Truths, paths and callings

It has been some time now that I have felt distanced from shamanism. I am thinking and writing for myself a great deal, but it is hard to write for others just now, since everything seems undefined like shadows within shadow. I am wary of any claim or commitment. Yet I have made progress in discovering my own path — or, rather, in cutting this path myself from an untamed prehistoric jungle.  It occurred to me that someone might appreciate these vague notes of my process, because it seems like a lot of people are setting out on similar new beginnings. I think for some people, myself included, the path is a perpetual fresh start.

I have tried many belief systems, searching for something outside myself to place atop my own core values. Over time I have shaken them all from my crown like leaves to cover the ground and rot — yet continue to nourish me in some way. For my core beliefs move slowly, deep-rooted, patient, unconcerned. Their needs are simply met. I try to listen to their wisdom, but they don’t sing so much as hum — and more often than not, I find the hum is merely the work of sucking up life from the Earth or drawing down life from the Sun. Still, there is Truth in it that cannot be easily explained or identified, and I honour it.

I’ve taken to wearing a headcovering from first thing in the morning until bedtime. I don’t have the words for the reasons. There is a rightness and a beauty to it, but I accept it is a temporary and even arbitrary thing. Everything is infinitely meaningful and infinitely meaningless. The Everything and the Nothing exist simultaneously and I do my best to take it all in.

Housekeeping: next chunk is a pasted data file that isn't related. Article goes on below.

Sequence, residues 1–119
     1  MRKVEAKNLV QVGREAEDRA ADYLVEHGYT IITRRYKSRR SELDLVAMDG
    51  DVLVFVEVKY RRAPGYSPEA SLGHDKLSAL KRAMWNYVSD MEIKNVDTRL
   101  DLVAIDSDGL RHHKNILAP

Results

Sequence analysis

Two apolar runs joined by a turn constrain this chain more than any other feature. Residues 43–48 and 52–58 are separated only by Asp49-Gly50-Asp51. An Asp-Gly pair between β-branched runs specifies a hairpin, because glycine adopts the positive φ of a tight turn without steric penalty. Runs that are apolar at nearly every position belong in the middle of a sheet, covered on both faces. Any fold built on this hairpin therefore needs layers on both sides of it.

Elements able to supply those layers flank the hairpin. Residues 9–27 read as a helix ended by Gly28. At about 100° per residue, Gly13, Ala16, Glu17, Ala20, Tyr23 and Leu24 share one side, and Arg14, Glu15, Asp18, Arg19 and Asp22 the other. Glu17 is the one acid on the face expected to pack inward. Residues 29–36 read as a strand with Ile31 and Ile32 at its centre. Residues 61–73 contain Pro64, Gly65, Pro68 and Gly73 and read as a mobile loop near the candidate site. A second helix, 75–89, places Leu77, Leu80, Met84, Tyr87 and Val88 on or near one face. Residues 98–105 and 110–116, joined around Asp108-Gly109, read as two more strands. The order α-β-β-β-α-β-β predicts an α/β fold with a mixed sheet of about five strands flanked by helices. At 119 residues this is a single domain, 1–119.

This past weekend my wife and I came across what was likely a coyote, if not a wolf, running across a field. We managed to get a photo from afar, and it looks enough like a dog that we called our local humane society to report it. But I know it was wild. The following day we rose at 4:30am and drove out to look for it again, catching sight of deer along the way. The trees were all thickly dusted with crystalline frost, looking far beyond ordinary. We came to the field by the Grand River where the coyote had been and found a handful of track lines in the snow, some tantalizingly fresh. I followed them half-way across the field, in excruciating pain from the chill on my bare hands, yet was captivated and sorely tempted to follow them right into the bush. They drew me along with all the suspense of a story but in a language I was ill-equipped to understand. Then I saw one line of tracks abruptly branch out into two — one animal had been following almost exactly in the pawprints of another! This meant there were at least a pair of animals roaming the field, and for me that proved what we saw was not a lost dog.

It calls me as if blood-to-blood; I am listening.